By Bob Nightengale |
Major League Baseball Commissioner Rob Manfred may not want to say it, but I will.
There will be a baseball season. I guarantee it.
The Major League Baseball Players’ Association said Saturday night that it is done negotiating, with the now-powerful refrain: “Tell us where and when.’’
Manfred roared back on Monday after a conference call with team owners and issued a veiled threat toward the union, saying unless you come back to the bargaining table, there will be no season.
No season, no guarantee of at least $1.2 billion in salaries. You don’t need a Twitter account to know the union and players are furious at Manfred. You don’t need to turn on the TV or radio to know that owners are incensed with the union.
The fans, for the first time in these labor wars, are largely taking the players’ side in this one. The moment the players said they were ready to play, and are just waiting for their plane tickets, the fans echoed the refrain.
In the words of Manfred, “It’s just a disaster for our game, absolutely no question about it. It shouldn’t be happening, and it’s important that we find a way to get past it and get the game back on the field for the benefit of our fans.’’
When you have 42 million Americans out of work, more than 100,000 dead from COVID-19 and a nation crying for social change to end systemic racism, baseball fans couldn’t care less about pro rata pay, national TV contracts or the loss of ticket revenue.
They just want their game back.
“The owners are 100% committed to getting baseball back on the field,’’ Manfred says.
Says Clark: “The players want to play.’’
MLB deputy commissioner Dan Halem and lead union lawyer Bruce Meyer have no choice this week but to iron out the safety and health protocols, making sure they haven’t wasted two months of negotiating over salaries for nothing. Then delve into the nitty gritty of a season, how many regular-season games will be played, under what conditions and what the expanded postseason will look like.
The players don’t want a season mandated by Manfred any more than the owners. They don’t want to be seething with rage every time they step onto the field, look into the owner’s box or rip into Manfred every time they are interviewed.
It’s time for everyone to play nice and negotiate a settlement, one that neither side will find particularly satisfying, but knowing that the consequences of the sport being shut down over economics would be devastating.
It’s a shame it reached this level of distrust and hostility. When baseball shut down in March because of the pandemic, the two sides quickly reached an agreement before the scheduled start of the season.
They originally hoped they could return by April 10, even with fans, but the owners believed all along that if fans were not permitted into the ballparks, players would take a negotiated pay cut from their prorated salaries. It’s right there in black-and-white. The players, who were guaranteed a full year service time, said they never realized they may have to take a pay cut, believing they were going to be paid depending on the number of games they can play.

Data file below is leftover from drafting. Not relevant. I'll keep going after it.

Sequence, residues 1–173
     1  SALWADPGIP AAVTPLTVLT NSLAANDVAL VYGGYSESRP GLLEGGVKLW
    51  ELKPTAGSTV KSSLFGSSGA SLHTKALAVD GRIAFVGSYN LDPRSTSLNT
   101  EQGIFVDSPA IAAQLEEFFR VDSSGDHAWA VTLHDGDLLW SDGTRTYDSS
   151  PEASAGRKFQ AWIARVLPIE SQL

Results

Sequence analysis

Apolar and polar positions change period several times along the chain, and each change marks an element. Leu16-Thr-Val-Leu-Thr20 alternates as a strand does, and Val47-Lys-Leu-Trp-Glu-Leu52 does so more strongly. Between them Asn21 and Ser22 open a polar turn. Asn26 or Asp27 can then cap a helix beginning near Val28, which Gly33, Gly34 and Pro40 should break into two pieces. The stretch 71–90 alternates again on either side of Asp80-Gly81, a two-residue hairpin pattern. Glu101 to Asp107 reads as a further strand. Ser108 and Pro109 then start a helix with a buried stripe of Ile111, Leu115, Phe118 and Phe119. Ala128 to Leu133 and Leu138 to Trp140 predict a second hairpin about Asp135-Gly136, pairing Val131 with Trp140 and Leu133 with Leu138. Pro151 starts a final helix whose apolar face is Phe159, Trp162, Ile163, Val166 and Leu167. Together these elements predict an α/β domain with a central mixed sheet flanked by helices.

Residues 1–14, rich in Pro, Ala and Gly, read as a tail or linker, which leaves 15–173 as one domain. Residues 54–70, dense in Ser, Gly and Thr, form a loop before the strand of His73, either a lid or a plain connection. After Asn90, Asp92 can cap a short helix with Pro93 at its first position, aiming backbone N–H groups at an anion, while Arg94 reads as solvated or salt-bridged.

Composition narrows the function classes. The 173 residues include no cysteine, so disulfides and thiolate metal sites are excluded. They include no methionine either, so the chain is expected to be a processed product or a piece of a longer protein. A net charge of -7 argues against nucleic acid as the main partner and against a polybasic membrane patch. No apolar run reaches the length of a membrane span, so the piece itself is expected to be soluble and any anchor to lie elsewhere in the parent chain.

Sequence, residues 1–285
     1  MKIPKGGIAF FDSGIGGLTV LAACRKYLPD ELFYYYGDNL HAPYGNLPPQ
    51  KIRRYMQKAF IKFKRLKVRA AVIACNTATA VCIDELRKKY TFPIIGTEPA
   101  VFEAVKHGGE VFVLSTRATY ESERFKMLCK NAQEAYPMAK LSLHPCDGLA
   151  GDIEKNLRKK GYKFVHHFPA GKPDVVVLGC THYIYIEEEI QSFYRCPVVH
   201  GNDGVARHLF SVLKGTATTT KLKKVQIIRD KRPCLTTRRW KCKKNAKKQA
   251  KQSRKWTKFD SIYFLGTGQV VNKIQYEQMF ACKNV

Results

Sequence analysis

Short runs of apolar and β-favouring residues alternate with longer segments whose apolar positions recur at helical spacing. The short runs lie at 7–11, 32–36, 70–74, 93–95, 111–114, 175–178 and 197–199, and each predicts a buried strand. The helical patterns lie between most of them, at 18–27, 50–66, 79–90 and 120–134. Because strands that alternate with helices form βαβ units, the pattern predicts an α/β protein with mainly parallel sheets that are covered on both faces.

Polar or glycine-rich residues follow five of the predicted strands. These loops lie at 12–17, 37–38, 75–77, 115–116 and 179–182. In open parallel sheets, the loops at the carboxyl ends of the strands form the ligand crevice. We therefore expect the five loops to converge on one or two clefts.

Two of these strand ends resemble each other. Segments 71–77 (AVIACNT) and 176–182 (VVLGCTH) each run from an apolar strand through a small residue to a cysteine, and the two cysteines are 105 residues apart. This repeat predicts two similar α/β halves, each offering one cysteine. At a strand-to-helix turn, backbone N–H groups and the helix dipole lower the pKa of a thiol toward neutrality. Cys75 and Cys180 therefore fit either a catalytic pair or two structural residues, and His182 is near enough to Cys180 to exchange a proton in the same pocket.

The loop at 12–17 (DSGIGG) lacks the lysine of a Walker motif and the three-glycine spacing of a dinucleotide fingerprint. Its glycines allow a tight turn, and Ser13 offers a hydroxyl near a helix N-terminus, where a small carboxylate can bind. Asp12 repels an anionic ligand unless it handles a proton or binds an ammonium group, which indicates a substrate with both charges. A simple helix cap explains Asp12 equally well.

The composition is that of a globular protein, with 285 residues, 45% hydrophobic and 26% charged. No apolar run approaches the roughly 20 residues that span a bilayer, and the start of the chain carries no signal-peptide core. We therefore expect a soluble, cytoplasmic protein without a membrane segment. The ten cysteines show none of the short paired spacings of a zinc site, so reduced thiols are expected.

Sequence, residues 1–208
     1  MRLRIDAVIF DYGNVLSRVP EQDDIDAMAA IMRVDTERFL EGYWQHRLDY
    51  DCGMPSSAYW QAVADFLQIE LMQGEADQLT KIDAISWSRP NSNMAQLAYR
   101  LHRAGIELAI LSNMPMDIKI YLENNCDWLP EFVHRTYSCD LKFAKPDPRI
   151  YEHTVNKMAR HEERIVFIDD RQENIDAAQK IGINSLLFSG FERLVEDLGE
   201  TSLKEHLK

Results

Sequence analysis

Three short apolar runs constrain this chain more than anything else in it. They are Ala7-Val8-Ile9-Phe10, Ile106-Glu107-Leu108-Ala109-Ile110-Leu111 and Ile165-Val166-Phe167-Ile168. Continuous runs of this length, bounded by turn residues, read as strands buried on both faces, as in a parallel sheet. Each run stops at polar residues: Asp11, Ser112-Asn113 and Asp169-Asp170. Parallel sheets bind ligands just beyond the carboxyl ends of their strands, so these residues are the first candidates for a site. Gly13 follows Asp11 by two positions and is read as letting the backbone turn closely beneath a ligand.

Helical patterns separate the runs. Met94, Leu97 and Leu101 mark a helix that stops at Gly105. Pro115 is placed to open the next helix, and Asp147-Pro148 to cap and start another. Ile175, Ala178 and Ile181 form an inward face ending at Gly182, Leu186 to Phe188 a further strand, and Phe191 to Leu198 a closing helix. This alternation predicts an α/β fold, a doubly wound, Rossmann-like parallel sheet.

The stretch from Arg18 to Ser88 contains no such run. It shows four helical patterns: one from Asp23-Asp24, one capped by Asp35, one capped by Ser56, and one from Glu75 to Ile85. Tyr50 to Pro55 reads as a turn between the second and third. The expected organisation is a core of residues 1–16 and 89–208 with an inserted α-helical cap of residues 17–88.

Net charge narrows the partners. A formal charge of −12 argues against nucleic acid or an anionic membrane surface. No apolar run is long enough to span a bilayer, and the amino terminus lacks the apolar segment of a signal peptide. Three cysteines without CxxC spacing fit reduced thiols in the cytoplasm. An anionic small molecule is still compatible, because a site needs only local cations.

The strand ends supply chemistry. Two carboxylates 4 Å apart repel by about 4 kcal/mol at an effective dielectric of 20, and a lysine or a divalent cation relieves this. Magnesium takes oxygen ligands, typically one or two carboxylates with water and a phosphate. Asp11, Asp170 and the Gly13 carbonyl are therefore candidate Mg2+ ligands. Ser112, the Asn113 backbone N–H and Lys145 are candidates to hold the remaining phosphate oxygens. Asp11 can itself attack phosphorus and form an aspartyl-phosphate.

The players never budged from their original stance. The owners, originally wanting revenue-sharing before moving to a 70% pay cut and narrowing it to 30%, moved too slowly.
It’s now clear the players won’t take a penny less than their prorated pay, and apparently the owners are ready to accept it judging from Manfred’s comments during ESPN’s show Monday with commissioners from six sports.
“I had been hopeful that once we got to common ground on the idea that we were going to pay the players full prorated salary,’’ Manfred said, “that we would get some cooperation in terms of proceeding under the agreement that we negotiated with the MLBPA on March 26.’’
So, there you have it — the players will receive their full prorated salaries. The question is how many games will the players accept?
Manfred could impose a shortened season of about 50 games, but he risks a grievance from the players union seeking hundreds of millions. The union last proposed an 89-game season, while the owners sought a 72-game season with 70% prorated pay.
The players want to play regular-season games through mid-October, with a World Series in November. Remember, the more games they play, the more they are paid. Yes, the players have bills to pay, too.
The owners want the regular season to end Sept. 27, with the World Series wrapped up by Halloween. They fear the second wave of COVID-19 could prematurely end the season and that networks don’t want any part of postseason baseball in November.
And, oh yeah, if the postseason is wiped out, there goes at least $900 million in national TV money.
The simple solution at this juncture is for a 65-70 game season. The players get their full prorated salary. The owners get an extra round of playoffs, which means more TV money. And the two sides can determine how much of the playoff money can go to the players, considering there won’t be a playoff pool without fans in the stands.
The way negotiations have played out in public has been “disastrous,’’ in the words of Manfred. No one has the stomach to watch this fight any longer.
The players don’t want to be bullied, and the owners are tired of being vilified, but there simply is no choice but to have a Major League Baseball season. Manfred may work for the owners, but his legacy is tied to the players.
The owners hate taking the financial hit of this season, but they can certainly survive the losses. The players know they need to stand united, particularly with the collective bargaining agreement expiring Dec. 1, 2021. Their careers are short, and those house payments aren’t going away.
There will be a season. It will start between July 20 to July 27, lasting at least 65 games, with a zany postseason that gives everyone a shot for a World Series title in a season that will be forever remembered, COVID-19 be damned.
I guarantee it.